Volvo star Scott McLaughlin's double triumph at Phillip Island on the weekend was as good as anything produced by Craig Lowndes and Mark Skaife.
That's the heady praise delivered by McLaughlin's veteran engineer Richard Hollway, who worked with both the V8 Supercars legends in his time at the Holden Racing Team.
Hollway, who is also Volvo Polestar Racing's chief engineer, was hugely impressed by McLaughlin's win in Saturday's 100km Race 34, when he withstood constant pressure from Lowndes in his Red Bull Racing Australia Holden Commodore VF.
"That was as good as I have seen him drive," Hollway said. "I thought that was awesome with Lowndesy behind him.
"That reminded me of Skaife, Lowndes, all of that. Fantastic, just unbelievable pressure.
"If you look at the sector times he was within half-a-tenth lap after lap-after-lap and that's just class. A seriously good drive. That was really pleasing to see. He is a gun steerer."
McLaughlin followed on his win with a drive from ninth to sixth in the second 100km race on Saturday and then converted, grabbing a last gasp victory in Sunday's 200km mini-marathon when HRT's Garth Tander ran short of fuel on the run to the chequered flag.
The 21-year old has now climbed to fifth in the drivers' championship and is battling champion elect Jamie Whincup for the most ARMOR ALL Pole Positions in the season. The Red Bull driver leads 10-9 after the Plus Fitness Phillip Island 400.
Hollway said McLaughlin's ability to pull out strong qualifying laps was a clear indicator of his talent and mental strength.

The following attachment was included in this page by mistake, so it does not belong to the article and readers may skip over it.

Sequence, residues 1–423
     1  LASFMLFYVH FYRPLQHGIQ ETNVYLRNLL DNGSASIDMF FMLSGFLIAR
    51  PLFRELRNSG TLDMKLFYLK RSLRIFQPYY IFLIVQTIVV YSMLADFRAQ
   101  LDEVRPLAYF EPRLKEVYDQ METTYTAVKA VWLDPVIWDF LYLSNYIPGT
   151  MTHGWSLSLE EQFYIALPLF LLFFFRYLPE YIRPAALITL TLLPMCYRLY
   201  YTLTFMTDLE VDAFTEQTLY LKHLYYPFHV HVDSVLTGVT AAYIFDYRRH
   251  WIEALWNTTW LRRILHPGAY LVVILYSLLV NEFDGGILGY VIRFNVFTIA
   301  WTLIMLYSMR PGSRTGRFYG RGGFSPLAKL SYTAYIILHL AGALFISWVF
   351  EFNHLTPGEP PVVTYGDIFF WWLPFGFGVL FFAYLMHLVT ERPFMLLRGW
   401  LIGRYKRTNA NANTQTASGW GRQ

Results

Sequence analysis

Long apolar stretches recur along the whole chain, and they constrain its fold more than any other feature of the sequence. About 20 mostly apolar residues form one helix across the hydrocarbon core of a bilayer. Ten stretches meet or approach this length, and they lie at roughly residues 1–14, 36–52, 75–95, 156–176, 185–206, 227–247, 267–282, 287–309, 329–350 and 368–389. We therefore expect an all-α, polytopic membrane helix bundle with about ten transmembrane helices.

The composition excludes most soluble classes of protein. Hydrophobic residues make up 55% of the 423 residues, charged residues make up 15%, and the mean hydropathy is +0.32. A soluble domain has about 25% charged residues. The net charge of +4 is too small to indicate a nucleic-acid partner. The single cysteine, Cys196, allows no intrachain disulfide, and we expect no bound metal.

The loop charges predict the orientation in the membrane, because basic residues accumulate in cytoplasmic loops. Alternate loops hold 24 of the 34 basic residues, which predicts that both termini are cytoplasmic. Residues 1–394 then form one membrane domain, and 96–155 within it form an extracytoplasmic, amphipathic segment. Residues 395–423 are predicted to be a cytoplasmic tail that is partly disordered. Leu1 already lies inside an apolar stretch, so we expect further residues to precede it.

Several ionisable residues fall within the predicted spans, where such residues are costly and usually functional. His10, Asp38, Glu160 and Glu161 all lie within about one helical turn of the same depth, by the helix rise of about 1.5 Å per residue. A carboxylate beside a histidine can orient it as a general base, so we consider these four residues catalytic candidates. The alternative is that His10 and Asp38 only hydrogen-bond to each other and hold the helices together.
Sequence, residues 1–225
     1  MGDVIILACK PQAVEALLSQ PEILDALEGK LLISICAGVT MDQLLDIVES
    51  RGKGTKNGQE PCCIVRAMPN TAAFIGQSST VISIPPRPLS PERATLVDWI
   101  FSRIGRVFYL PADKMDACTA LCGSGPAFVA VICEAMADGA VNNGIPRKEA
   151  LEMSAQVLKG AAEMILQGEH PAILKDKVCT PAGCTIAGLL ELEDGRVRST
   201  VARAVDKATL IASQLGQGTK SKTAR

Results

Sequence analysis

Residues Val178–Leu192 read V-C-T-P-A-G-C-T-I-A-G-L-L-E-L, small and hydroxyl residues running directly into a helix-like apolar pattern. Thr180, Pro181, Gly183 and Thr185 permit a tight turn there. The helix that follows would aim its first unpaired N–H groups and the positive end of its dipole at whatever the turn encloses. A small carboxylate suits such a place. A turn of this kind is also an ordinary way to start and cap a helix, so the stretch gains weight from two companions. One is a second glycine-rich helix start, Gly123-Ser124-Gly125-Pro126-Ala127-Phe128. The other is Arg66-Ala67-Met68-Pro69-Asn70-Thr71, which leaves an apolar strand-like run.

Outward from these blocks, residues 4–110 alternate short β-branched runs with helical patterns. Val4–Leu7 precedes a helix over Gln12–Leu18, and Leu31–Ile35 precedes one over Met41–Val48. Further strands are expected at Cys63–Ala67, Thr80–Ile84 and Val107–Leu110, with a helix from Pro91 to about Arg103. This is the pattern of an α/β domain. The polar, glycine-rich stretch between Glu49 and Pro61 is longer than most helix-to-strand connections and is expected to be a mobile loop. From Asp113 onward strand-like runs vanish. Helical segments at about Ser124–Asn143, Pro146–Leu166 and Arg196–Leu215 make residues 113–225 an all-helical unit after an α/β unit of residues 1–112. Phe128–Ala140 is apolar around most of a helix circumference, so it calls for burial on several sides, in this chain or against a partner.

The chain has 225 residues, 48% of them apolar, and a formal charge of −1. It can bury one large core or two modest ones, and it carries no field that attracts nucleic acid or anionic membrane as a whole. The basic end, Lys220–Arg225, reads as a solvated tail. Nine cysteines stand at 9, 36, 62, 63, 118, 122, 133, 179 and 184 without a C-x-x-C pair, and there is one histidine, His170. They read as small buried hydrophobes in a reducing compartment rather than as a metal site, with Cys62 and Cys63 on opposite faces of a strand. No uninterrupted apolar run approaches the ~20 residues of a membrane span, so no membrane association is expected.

"He thrives on the pressure," said Hollway. "In qually, when there is one lap to go that's when he shines.
"He just loves the pressure, loves it. So many blokes will be three-tenths up and there will be yellows everywhere and they will stuff the last corner, but he just finishes it off every time. His qualifying is outstanding and that is a little bit of his ability to remain composed.
"His composure is really good."
Hollway also believes McLaughlin's level-headedness works in his favour and that will aid him in his sudden rise to stardom in the category.
"He is such a well rounded bloody good young bloke, I don't think it is going to get to him. He takes it in his stride and just keeps being the same old Scotty and keeps doing what he is doing."
Hollway revealed that team owner Garry Rogers had encouraged McLaughlin to be a little more aggressive at Phillip Island, exploiting the fact that hanging on the outside of one corner often sets the car up for a pass at the next turn.
McLaughlin showed he had heeded Rogers' message, driving round the outside of pole qualifier Whincup in turn one at the start of Sunday's race and taking the lead in turn two.
"Garry didn't so much let him off the leash as just give him a little bit of license to have a little bit more of a crack at that stuff," explained Hollway.
"That's important. It's important that the team weighs in on it, it's part of his development... And that was fantastic. It was a really strong move at the start of the last race."
The other important achievement at Phillip Island that pleased Hollway was the Volvo S60's ability to sustain rear tyre life longer than in the past events.
The Garry Rogers Motorsport team has been flat-out for more than two years developing its Holden Commodore VF Car of the Year for 2013 and then the Volvo S60 for 2014.
"We are only now trying some stuff," Hollway confirmed. "Some of it worked ...we are getting more aggressive with set-up.
"A couple of things obviously worked there, so really pleased with it. Tyre degradation has obviously been our drama all year so that was pleasing.
"And there is more to come, more development to come."